The major cause of gout is the accumulation of uric acid in the joints. The uric acid is a chemical that is a natural part of the normal breakdown and build up of food in body tissues. The level of uric acid may be found and measured in the blood.
The condition where there is a rise in bloods uric acid level is called hyperuricaemia. With the presence of such condition it is no wonder that uric acid crystals are formed in the joints. These crystals are responsible for the inflammation called gouty arthritis or acute gout.
Gout usually attacks people whose uric acid level has always been above normal. There are various reasons why uric acids level increases in the body:
The higher than normal uric acid levels may be inherited in some families
Obesity was also found to cause gout attacks
High alcohol and caffeine intake
High intake of food containing purines
Some drugs used to treat high blood pressure and long standing kidney diseases
The first step in treating gout is to correct the factors that increase the levels of uric acid in the body. Patients should also work to refrain from eating purine rich foods since these substances are found to contain a lot of uric acid.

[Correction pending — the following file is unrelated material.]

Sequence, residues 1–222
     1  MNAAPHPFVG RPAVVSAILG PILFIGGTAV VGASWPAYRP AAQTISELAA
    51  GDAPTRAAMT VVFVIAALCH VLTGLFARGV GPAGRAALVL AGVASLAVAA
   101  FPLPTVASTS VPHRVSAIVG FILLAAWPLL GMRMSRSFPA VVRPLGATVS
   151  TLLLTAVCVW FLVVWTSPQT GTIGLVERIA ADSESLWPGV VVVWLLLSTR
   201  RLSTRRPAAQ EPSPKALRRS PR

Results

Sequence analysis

Here are foods high in purines and to be avoided:
Organ meat products such as liver, kidneys, tripe, sweetbreads and tongue,
Excessive amounts of red meat, shellfish, fish roe and scallops,
Peas, lentils and beans,
Alcohol and caffeine intakes should be reduced. A glass of beer a day or less is recommended
Crash diets should also be avoided
Some drugs for high blood pressure may need to be altered or adjusted
An important aspect of treating gout is lowering the uric acid levels. There are some drugs that can bring down the uric acid level in the body. However, it should be noted that these drugs only temporarily treat symptoms of gout and should not be taken on a long-term basis. The dosage is based on the level of uric acid found in the body. Regular check ups are required in order to arrive at the maintenance dosage that will prevent recurrent gout attacks.
As long as the level of uric acid continues to be lower than the normal any symptoms of gout are a remote possibility. Provided of course that medication is continued. Some drugs work by increasing elimination of uric acid through the kidney while others simply hinder the formation of uric acid in the first place.
Likewise, it is important for patients using medications to realize that during the first few months of treatment, it is still possible to have gout attacks, however severe gouty attacks are lessened.
Some of the complications of long time and acute cases of gout are deposits of uric acid salts that may appear around the affected joint and even in tissues in the earlobes. These uric acid salts are chalk colored nodules, and are also called tophi. The presence of uric acid salts is an indication further treatment is needed.